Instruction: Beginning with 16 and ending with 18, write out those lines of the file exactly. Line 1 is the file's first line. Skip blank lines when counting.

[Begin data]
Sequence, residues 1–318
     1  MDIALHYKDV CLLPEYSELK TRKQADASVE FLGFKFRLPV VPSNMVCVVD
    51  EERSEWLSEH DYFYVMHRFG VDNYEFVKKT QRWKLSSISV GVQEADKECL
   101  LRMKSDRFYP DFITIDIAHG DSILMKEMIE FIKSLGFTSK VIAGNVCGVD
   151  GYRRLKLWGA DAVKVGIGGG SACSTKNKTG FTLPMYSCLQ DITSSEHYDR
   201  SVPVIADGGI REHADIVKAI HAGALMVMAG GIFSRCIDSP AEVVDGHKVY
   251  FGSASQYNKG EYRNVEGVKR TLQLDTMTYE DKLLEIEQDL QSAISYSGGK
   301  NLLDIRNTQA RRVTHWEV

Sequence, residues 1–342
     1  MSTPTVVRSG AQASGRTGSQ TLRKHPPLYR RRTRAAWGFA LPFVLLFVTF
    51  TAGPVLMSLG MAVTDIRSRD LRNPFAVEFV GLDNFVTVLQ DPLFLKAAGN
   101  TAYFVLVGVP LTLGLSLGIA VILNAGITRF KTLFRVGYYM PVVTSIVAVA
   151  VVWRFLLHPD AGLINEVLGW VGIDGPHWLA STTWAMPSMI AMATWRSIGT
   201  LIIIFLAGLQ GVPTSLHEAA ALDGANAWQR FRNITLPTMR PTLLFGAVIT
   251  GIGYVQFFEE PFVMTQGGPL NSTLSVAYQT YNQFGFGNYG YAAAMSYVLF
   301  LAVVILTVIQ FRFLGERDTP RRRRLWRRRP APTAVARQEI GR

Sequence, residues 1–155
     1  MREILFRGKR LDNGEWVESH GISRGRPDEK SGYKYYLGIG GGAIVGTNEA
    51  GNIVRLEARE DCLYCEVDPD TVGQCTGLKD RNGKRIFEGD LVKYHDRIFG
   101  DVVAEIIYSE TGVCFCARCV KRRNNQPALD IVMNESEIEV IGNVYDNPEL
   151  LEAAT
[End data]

   301  LAVVILTVIQ FRFLGERDTP RRRRLWRRRP APTAVARQEI GR

Sequence, residues 1–155
     1  MREILFRGKR LDNGEWVESH GISRGRPDEK SGYKYYLGIG GGAIVGTNEA